Early April traditionally marks the time when the Tidal Basin in Washington D.C. becomes covered in beautiful cherry blossoms.
But because of climate change and warming spring temperatures, the spring staple in the nation's capital has already peaked.
The National Park Service announced in a statement Sunday that the Yoshino cherry trees had reached peak bloom after temperatures well above average last week sped the trees through the final stages of the blossom cycle.
It is something we’re also seeing closer to home. While the cherry blossoms haven’t bloomed yet in Connecticut, they are getting closer. The above-average temperatures we have seen as of late are helping to speed up the process.
“They are coming earlier but it’s not dramatic,” said Bart Szczarba, the Blossom Blogger. He has been tracking the Wooster Square cherry blossoms for a decade. “We usually peak about 16 days after Washington D.C. So that can give you an idea, but it doesn’t always come true.”
That would put the peak blossom here in New Haven around April 13. While the traditional cherry blossom festival here in Wooster Square has been canceled once again because of the ongoing pandemic, organizers are still celebrating the historic area.
“It represents spring. It represents an opportunity for rebirth, for regeneration,” said Charlotte Eliscu, a member of the Historic Wooster Square Association and Cherry Blossom Festival Committee Organizer. “Every year it’s just a wonderful time to engage with all different kinds of people. People come all over the state to visit Wooster Square. We just love to see it.”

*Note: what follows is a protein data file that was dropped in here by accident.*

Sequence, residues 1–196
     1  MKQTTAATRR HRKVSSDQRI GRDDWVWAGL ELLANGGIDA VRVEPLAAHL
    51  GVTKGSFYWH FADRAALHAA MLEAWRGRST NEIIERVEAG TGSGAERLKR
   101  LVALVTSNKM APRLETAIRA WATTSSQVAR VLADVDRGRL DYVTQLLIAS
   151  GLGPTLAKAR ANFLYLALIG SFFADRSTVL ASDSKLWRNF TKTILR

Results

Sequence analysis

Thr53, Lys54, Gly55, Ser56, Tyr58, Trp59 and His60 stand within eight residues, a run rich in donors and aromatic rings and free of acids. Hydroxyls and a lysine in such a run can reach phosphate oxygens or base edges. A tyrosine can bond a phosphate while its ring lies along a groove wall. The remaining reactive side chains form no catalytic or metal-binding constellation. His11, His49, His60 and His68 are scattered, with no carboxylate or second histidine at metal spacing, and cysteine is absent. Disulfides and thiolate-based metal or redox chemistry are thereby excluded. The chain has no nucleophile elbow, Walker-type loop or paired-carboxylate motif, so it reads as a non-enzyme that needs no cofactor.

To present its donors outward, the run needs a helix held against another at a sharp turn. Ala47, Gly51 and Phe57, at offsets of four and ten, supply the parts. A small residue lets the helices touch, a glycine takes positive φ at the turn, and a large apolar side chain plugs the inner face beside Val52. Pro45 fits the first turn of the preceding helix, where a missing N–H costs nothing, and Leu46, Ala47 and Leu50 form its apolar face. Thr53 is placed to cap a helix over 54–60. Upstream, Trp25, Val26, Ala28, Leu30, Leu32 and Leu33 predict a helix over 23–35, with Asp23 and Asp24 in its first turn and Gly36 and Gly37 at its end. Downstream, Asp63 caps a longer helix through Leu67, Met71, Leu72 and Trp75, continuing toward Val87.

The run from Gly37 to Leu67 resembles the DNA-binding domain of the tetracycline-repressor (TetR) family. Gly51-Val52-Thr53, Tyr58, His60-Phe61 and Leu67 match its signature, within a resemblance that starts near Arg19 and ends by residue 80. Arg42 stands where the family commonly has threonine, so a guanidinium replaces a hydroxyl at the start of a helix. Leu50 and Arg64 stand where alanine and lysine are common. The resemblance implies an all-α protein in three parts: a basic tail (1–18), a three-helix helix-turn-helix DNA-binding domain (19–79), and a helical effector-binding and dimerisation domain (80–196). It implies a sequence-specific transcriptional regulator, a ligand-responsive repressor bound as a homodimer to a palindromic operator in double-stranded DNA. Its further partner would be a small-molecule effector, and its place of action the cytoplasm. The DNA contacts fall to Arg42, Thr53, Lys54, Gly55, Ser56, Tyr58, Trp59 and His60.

The Cherry Blossom Festival committee is planning a digital activation this year -- an online way for people to learn more about the history of Wooster Square and those who keep it beautiful year-round. They’re also planning a public art installation.
“We don’t know when the blossoms are going to be blooming this year,” Eliscu said. “So what we’re going to be doing is embellishing our paths with some really bright pink blossoms.”
Whether they’re on the sidewalks or the trees, residents of New Haven are getting excited.
“They’re so pretty, they’re so small,” said Noah Smith. “And they’re only here for a certain amount of time.”
“Just to see everything kind of come to life,” Marta Velez said. “When I was actually walking up the street some of the houses have really beautiful tulips that are finally blooming and I noticed the cherry blossoms starting to show their pink petals. It’s so pretty.”
You can use the hashtag #CBFNH2021 if you share photos of the cherry blossoms on social media.
Then mark your calendars for April 24, 2022 when the festival returns to Wooster Square.